You argue that the complexity of regulations makes us more dependent on the lobbyists’ specialized knowledge, and that the purpose of complexity is often to hide loopholes which benefit specific industries. How much of this corruption is an inevitable byproduct of a legislative process that produces hundreds of new laws each year?
There is no doubt that there is too much production. Part of the reason I think we should limit the number of laws and simplify them is that it would make it more difficult for corruption to hide. In the shade, a lot of things take place. When you produce laws that are 2,000 pages long, even members of Congress don’t read them. The only ones who can really control them at that point are lobbyists.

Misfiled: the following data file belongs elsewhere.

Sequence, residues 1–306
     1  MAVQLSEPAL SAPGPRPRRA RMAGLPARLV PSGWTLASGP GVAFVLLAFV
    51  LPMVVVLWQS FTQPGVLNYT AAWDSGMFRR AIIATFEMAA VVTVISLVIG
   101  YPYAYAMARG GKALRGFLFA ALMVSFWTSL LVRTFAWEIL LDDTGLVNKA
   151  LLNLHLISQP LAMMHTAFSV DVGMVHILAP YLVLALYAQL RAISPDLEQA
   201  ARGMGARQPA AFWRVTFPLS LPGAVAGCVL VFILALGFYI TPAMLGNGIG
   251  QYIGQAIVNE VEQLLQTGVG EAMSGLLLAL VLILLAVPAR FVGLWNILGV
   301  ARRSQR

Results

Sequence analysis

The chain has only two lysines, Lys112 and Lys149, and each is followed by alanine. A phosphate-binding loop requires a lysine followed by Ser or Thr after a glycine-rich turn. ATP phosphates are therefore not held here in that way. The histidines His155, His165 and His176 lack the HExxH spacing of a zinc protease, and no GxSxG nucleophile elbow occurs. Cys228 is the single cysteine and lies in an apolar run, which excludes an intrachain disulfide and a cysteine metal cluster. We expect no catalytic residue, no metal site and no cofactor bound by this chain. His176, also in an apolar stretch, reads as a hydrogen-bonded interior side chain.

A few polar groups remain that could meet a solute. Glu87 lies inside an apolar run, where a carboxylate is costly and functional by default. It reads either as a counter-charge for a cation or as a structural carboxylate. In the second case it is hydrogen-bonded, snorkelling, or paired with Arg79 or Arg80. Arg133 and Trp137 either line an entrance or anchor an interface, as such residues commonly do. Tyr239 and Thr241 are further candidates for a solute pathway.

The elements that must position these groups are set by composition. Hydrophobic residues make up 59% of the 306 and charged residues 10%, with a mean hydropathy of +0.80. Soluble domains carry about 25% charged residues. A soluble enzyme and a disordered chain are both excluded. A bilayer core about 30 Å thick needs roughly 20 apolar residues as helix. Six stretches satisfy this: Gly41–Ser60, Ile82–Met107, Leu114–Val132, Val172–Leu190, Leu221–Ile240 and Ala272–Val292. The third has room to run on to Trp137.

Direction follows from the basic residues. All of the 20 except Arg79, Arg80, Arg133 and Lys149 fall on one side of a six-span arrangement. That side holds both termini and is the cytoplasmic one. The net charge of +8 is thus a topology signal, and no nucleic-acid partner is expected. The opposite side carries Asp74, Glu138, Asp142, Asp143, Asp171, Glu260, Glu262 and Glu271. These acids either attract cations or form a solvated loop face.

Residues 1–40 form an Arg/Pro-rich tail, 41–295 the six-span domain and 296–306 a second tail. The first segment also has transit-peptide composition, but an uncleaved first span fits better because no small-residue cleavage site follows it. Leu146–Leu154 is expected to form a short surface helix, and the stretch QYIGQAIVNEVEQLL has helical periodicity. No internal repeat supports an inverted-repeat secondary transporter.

Do you see anyone on the left or right today who you think understands the threat posed to our democracy by crony capitalism?
I was quite supportive of Paul Ryan’s plan last year, and I think he understands many of these issues. There are other people like him who understand the issues, but it’s not clear that they want to run with them. Part of the problem is that you’re going to implicate a lot of the establishment. Anyone who has a career in Washington will find it very difficult to turn around and dismiss the very system they are a part of.
To learn more about how we can restore the free-market system and recapture the genius of American prosperity, check out Luigi Zingales’ latest book, “A Capitalism for the People.”
Originally published on PolicyMic.